derive

[ dih-rahyv ]SEE DEFINITION OF derive

EXAMPLES FROM THE WEB FOR DERIVE

From these I shall endeavor to derive all the advantages which they may afford.

Stevie did not seem to derive any personal gratification from what he had done.

Let us derive instruction, as well as consolation, from this scene.

And from this, more than from anything else, do we derive our firm conviction of the success of our work.'

It would be a rather poor way to derive the pride of aristocracy.

We derive the renewal of our blood and juices, which are constantly exhausting, from the substances converted into food.

They seem also to derive a sacredness from their association with the Divine Being.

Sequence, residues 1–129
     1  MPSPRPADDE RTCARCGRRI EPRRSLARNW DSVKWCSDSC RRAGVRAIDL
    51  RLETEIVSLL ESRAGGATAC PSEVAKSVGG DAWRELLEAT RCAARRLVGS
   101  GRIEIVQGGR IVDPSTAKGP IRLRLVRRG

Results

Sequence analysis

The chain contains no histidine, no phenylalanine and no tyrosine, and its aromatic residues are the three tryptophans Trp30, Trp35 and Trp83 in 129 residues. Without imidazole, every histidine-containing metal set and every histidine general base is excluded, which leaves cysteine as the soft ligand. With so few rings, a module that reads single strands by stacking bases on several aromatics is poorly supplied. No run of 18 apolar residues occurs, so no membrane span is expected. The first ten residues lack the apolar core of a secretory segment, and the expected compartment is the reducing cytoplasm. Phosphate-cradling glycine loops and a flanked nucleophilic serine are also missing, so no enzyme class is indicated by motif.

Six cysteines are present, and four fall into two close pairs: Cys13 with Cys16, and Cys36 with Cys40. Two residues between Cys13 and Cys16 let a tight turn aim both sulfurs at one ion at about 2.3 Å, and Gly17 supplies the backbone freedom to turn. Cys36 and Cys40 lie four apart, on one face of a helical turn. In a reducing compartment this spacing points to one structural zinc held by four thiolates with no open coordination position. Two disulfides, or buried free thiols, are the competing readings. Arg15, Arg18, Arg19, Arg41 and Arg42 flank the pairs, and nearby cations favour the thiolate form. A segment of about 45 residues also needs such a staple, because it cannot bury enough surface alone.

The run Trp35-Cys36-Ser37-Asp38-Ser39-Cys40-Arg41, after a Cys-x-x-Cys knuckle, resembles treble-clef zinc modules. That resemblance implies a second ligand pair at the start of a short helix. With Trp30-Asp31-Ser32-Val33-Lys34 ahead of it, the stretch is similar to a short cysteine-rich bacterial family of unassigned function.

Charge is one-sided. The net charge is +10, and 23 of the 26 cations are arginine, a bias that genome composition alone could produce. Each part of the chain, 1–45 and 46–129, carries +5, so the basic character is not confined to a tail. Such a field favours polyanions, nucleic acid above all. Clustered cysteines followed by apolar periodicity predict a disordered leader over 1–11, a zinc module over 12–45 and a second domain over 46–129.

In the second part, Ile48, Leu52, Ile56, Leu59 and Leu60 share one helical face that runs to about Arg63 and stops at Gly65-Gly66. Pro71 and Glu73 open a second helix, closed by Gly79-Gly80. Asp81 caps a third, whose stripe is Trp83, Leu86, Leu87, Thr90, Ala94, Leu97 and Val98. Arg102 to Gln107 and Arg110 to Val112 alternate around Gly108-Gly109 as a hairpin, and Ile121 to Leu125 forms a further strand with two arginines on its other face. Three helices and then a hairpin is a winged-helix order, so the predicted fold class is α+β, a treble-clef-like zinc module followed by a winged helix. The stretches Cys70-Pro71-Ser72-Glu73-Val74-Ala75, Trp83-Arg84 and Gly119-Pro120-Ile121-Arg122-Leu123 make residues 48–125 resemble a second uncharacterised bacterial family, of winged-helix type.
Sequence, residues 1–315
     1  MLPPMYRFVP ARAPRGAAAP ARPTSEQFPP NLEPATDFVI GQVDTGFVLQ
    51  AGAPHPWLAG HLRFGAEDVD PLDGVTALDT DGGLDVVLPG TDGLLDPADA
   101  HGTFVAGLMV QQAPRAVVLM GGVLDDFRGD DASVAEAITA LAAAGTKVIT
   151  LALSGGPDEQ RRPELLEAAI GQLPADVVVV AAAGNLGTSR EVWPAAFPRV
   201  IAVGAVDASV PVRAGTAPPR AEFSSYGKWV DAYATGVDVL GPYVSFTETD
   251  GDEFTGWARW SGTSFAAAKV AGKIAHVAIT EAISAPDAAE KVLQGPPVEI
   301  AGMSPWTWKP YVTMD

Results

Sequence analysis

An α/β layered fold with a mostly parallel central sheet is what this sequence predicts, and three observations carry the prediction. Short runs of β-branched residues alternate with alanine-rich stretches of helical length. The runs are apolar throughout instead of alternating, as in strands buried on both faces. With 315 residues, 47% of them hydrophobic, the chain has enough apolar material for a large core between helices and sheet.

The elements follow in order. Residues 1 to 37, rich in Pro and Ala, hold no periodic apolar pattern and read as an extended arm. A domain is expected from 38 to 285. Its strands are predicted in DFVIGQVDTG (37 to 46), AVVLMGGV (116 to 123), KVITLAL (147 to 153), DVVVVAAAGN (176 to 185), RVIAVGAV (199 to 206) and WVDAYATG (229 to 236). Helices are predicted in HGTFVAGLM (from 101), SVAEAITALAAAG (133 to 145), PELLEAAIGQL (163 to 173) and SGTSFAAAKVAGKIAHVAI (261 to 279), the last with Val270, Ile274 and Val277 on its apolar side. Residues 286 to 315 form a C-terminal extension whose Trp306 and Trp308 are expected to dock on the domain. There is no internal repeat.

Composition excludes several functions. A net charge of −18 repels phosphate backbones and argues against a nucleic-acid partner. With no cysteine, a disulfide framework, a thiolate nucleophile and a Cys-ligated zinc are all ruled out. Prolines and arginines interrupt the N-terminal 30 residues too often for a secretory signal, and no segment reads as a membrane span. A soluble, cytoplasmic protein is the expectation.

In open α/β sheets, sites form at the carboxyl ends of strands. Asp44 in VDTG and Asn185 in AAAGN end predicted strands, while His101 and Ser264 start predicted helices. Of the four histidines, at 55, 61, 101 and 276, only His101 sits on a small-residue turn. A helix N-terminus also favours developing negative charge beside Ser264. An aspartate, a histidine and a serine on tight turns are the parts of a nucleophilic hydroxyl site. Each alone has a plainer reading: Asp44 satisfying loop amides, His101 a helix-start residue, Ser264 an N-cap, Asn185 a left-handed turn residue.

All abstractions are supposed by Hegel to derive their meaning from one another.

Did Plato derive the legend of Atlantis from an Egyptian source?

And what a power in Italy should not Lodovico derive from its success!

MORE RELATED WORDS FOR DERIVE

descend

verbtrace ancestry from; be passed or handed down

descended

verbtrace ancestry from; be passed or handed down
Roget's 21st Century Thesaurus, Third Edition Copyright © 2013 by the Philip Lief Group.